Glow in the Dark stars

Every time before I sleep, I would stare at the phosphorescent stars and moons my youngest sister glued on the ceiling of her room. I am currently billeted in her room forcing her to transfer to the adjacent room which I used to occupy with my two younger brothers before we left for college. They look like real stars, so big that I could almost pluck them from the black space where they seemed suspended for eternity.

“Walyn (my sister’s name) ikaw ni nagdikit sang mga stars kag moon diri sa kisame?”

“Oo kuya”. Of all my younger siblings, she’s the only one who calls me kuya; the rest call me Yan-yan. She’s everyone’s favorite; the apple of our eyes.

“Din ka nagkuha sini? Ginbakal ni ni mama para sa imo?”

“Ako na nagbakal kuya, gina-save ko be ang balon ko.” I would like to believe that I am her favorite brother, but this is too presumptive to say as she is close to all of her other siblings.

“Nga-a gindikit mo ni sila diri haw? Mayo kay nalab-ot mo?”

“Ginbuligan ko ni papa eh.” She turned twelve two days ago.

My mother did not want to commit the same mistake she did by enrolling my two younger brothers too early in grade one, both were six when they started their elementary schooling, my youngest sister is still on her 5th grade although she should already be qualified as a sixth grader.

This doesn’t bother her. She’s as carefree as any fifth grader, and we would want her to have the same childhood as we all did – uncomplicated, happy, devoid of any pressure to excel and be on the top. Only that this time, she’s spending it alone, as all of us are either in college or already working. We only come home during Christmas holiday or in some rare visits like I’m having at the moment.

I was eleven years old when my mother gave birth to her. That time, another baby sister was the last thing I was asking. Our house was already crowded as it is with five children. I was in a conference in Davao when my mother labored for her. When I arrived home, for a fifth-grader’s rudimentary concept of what is beautiful, I thought of her as a hideous slob of brown, hairy flesh. Even so, I knew that time that I’ve already become a real big brother, and was left with no option but to love her although she seemed too wrinkled and brown. I gave my mother the 400 pesos I saved from the trip to buy milk for my newest sister. I smile whenever I remember that day.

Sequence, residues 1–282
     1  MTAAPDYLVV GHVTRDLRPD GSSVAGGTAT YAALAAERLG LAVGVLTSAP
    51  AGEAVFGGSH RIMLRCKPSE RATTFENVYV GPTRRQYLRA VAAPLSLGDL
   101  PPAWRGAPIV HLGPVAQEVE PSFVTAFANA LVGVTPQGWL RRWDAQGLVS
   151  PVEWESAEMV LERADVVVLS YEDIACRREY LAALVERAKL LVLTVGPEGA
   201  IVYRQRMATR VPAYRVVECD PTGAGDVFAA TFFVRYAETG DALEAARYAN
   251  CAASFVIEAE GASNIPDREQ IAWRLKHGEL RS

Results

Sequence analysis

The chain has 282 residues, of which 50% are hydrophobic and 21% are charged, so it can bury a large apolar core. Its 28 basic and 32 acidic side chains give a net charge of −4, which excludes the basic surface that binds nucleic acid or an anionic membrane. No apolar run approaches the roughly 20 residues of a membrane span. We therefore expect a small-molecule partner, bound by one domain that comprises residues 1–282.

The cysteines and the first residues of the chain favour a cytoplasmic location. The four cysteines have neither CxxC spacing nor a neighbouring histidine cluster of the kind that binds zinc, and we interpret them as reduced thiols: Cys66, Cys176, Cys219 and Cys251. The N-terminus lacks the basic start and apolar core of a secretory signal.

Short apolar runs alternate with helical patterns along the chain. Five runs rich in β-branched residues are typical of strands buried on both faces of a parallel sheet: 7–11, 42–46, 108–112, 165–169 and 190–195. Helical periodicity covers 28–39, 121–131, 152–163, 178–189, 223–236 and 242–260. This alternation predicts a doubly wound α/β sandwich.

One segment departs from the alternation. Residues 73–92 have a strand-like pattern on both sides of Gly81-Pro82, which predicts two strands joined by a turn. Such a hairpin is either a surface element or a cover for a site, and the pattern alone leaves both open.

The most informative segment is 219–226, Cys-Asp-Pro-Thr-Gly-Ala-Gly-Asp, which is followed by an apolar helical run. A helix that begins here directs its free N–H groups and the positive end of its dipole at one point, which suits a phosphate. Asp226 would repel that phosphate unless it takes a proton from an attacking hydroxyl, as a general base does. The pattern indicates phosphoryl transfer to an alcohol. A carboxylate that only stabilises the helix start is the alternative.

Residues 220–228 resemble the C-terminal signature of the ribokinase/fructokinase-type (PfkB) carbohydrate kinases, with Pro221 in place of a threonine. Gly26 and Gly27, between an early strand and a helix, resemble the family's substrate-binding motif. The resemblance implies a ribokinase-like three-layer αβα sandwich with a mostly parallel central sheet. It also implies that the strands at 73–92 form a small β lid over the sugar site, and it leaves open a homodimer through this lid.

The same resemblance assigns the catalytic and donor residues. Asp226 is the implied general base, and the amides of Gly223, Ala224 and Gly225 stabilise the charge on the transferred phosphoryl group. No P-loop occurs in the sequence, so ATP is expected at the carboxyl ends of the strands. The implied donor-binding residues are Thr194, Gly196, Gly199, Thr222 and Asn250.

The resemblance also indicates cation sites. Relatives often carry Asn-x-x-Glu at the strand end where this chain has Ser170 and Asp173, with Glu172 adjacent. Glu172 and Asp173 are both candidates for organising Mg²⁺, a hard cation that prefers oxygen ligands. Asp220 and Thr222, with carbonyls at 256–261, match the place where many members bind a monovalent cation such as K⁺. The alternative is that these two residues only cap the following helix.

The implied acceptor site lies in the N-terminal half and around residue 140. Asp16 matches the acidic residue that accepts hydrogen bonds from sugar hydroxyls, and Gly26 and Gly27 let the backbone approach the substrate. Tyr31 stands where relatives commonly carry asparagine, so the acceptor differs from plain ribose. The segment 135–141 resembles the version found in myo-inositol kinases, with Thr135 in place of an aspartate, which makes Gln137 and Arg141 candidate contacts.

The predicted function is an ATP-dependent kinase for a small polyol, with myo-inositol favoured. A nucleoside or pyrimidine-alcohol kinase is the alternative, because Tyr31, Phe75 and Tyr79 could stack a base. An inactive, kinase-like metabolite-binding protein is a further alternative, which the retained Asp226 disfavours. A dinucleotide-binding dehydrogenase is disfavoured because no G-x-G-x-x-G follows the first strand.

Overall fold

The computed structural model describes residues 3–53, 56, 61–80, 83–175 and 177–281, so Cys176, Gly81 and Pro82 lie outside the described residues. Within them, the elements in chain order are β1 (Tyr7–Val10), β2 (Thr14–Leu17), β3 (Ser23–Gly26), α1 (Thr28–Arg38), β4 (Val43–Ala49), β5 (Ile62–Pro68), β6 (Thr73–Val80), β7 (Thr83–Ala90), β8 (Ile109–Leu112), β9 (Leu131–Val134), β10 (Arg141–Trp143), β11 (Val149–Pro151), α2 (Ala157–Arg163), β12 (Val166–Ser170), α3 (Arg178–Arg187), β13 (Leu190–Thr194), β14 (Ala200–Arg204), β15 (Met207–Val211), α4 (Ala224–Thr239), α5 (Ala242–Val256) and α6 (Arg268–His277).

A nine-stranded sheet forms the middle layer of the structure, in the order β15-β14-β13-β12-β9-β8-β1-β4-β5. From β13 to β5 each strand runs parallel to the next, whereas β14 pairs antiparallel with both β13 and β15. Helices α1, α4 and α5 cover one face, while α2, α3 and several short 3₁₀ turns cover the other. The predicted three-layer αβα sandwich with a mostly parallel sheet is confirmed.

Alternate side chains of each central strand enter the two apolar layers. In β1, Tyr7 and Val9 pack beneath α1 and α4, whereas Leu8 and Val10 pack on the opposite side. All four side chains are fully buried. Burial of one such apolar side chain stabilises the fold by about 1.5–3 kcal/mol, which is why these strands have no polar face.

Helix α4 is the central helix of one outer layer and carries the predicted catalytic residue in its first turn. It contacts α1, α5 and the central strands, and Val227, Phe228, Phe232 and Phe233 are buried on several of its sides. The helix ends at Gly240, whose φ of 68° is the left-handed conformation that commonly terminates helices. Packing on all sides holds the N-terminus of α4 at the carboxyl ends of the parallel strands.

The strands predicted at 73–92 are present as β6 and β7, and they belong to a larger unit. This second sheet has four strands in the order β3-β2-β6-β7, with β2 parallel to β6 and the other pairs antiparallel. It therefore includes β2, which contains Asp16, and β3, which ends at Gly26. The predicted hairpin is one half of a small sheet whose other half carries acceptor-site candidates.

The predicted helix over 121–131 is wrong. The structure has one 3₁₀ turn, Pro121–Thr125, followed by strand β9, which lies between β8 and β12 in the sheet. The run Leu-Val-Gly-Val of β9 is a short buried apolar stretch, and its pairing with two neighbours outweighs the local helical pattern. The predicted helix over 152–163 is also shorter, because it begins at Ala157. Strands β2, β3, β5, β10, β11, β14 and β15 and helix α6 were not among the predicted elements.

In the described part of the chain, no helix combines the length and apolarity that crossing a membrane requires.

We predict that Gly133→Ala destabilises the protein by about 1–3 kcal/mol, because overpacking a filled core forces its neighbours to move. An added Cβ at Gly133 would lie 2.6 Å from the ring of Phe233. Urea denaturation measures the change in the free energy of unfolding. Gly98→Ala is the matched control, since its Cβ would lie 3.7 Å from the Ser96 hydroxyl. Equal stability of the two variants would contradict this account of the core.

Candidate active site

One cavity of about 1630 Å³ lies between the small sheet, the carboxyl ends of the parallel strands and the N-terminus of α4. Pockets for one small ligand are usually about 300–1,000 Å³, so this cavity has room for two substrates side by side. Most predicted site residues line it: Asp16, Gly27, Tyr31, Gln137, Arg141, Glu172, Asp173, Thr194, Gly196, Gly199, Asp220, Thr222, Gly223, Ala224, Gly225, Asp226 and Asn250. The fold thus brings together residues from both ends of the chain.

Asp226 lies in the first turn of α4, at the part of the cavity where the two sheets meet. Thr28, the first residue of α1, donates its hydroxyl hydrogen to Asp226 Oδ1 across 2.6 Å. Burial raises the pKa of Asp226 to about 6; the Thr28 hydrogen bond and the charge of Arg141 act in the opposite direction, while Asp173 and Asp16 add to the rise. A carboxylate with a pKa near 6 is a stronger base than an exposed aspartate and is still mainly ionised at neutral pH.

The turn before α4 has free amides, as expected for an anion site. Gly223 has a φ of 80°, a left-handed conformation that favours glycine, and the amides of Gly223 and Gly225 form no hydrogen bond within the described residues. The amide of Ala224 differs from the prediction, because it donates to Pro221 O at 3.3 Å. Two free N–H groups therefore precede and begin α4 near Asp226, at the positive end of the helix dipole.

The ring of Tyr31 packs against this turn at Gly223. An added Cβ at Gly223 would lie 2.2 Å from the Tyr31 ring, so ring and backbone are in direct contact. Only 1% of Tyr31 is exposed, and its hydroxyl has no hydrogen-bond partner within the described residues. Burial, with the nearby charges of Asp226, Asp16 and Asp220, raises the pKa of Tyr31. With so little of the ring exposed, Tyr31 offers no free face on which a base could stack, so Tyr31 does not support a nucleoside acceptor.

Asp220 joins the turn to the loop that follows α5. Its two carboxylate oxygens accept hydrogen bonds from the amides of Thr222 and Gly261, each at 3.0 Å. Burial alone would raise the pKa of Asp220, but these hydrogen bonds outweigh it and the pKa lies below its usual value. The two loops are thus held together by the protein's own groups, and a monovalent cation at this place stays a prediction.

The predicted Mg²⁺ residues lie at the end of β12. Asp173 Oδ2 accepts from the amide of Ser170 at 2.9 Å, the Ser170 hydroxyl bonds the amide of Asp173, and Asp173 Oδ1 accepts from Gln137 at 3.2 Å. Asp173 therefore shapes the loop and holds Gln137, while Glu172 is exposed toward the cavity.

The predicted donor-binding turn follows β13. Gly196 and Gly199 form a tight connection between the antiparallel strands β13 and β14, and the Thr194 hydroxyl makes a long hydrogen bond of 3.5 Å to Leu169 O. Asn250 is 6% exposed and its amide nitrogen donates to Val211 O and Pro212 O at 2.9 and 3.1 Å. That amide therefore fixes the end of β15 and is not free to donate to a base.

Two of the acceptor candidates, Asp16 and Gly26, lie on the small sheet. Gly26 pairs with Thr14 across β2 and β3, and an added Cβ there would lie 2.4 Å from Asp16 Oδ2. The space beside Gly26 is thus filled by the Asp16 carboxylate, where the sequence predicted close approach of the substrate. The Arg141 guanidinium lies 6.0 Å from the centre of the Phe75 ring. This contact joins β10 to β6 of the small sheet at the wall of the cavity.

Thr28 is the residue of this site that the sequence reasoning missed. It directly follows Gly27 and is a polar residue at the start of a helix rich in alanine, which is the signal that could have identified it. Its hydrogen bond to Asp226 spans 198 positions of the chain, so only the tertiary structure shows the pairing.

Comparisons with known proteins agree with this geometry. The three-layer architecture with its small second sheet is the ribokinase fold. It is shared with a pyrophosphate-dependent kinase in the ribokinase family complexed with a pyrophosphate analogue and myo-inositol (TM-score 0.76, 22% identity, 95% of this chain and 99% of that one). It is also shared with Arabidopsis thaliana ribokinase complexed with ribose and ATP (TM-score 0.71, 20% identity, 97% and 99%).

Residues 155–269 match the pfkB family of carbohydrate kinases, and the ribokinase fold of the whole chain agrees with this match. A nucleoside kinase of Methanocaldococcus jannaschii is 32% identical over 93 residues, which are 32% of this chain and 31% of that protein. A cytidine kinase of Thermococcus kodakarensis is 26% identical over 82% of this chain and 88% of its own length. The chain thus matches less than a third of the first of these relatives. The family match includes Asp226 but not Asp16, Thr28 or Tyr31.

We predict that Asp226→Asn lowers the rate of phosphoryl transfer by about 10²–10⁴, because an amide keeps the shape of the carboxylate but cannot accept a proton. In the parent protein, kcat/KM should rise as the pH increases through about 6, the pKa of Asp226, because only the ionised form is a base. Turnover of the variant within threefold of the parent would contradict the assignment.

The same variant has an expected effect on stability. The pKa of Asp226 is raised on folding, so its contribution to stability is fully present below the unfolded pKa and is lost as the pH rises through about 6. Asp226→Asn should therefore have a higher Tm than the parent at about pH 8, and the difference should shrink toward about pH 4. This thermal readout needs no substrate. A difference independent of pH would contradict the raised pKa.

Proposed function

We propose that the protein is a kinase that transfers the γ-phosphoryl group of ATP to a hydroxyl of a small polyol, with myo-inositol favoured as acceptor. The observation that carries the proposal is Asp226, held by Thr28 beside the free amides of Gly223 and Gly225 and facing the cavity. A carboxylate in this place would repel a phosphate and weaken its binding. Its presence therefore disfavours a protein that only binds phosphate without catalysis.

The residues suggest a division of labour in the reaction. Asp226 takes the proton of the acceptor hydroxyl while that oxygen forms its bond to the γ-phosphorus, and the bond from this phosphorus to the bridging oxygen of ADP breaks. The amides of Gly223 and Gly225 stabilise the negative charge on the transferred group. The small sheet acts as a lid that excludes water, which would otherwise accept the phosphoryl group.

“Ti Wa, nga-a ginpangdikit mo gid ni diri ang mga glow-in-the-dark mo nga mga stars haw?”

“Kuya, siling man gud ni mama, sang una daw, tong mga bata pa kamo, nagpadikit sad daw kamo ug mga glow-in-the-dark stars sa kisame sang pihak kwarto ba.”

One day, she showed me a photo of the two of us. I was around thirteen in the photo, thin, dark-skinned. She was seated on my lap. She was probably two years old that time. We were both smiling; she holding on to my arms tightly. I looked like a very proud kuya so protective of his cute, little sister.

She’s growing very fast. Possibly, the next time I come home, I may have a hard time recognizing her and connecting her to my image of my youngest sister that has frozen in time. Some moments in our lives are just too fleeting.

“Oo no. May ara pa gani wala natanggal nga marks sang scotch tape didto. Ti Wa, na-miss mo man kami?”

“Miss mo lang!”

The population issue in the Philippines must be addressed now